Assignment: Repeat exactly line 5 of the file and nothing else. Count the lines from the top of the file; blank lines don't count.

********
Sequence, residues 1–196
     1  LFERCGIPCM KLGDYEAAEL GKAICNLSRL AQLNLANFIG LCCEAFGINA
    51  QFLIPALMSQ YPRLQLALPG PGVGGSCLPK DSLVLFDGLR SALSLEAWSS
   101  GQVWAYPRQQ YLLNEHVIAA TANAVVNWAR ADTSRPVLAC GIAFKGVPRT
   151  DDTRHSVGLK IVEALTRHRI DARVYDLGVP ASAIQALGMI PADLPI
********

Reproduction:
   151  DDTRHSVGLK IVEALTRHRI DARVYDLGVP ASAIQALGMI PADLPI